#8 Use GStreamer for media backend

open
Salsaman
None
8
2012-09-15
2007-12-15
No

LiVES is a great project, but it has legal issues because of its use of ffmpeg as its media backend.

I propose that LiVES switches to GStreamer for its media backend.

GStreamer is fully modular and can support adding codecs on the fly similar to DirectShow. GStreamer also has support for ffmpeg through the gst-ffmpeg module. Fluendo, the company that employs many GStreamer devs, provides legal codecs that allow any GStreamer enabled application to use for decoding.

Switching to GStreamer would also allow distros like Fedora, who have strict Free Software and legal guidelines, to include LiVES in their official package repositories.

Please consider switching to GStreamer backend in LiVES!

Discussion

  • Salsaman

    Salsaman - 2007-12-15

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    I will take a look at this, but it will have to wait until I upgrade my laptop - I am currently using Mandriva 2007.1 which only has support for gstreamer 0.8, not gstreamer 0.10.

     
  • Salsaman

    Salsaman - 2008-02-19

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    OK, I have had some success compiling gstreamer from source, so I hope to take a look into this soon.

    AFAIK, there are no legal issues with a vanilla ffmpeg install. However I am considering looking into gstreamer for another reason, to allow instant access of frames within video files without having to import the whole file. In order to achieve this, it would be necessary for gstreamer to be able to seek to and decode any given random frame within around .05 seconds or less.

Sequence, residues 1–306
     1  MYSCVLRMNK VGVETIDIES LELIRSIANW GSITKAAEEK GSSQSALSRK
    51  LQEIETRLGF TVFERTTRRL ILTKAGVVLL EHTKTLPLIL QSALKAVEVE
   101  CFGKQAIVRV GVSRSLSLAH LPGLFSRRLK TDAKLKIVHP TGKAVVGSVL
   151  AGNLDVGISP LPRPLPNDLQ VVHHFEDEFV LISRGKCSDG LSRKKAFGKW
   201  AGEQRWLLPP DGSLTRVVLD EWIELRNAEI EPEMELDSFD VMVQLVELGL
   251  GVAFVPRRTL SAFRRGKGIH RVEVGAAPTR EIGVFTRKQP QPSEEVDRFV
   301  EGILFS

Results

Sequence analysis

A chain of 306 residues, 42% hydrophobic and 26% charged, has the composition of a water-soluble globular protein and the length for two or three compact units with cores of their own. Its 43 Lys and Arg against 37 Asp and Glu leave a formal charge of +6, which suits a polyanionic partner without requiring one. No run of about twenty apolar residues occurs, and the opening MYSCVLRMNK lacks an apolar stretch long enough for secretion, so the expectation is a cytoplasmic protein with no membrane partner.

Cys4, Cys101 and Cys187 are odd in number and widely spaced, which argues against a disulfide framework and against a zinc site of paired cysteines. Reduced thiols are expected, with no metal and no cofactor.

• Conan Kudo (ニール)

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    Unfortunately, in the United States and a few European countries, it is actually illegal to package and ship ffmpeg without acquiring the patent licenses for the various codecs that ffmpeg provides in order to distribute commercially, which would be very expensive. GStreamer does not actually have that problem because GStreamer itself is not vulnerable to patent issues, but there are codecs available to GStreamer that are considered legal in these particular countries to distribute commercially, as well as fully open source ones that do not have such licenses which can be used for personal use. It is for that reason that most distros have separate repositories for codecs from the rest of the packages.

     

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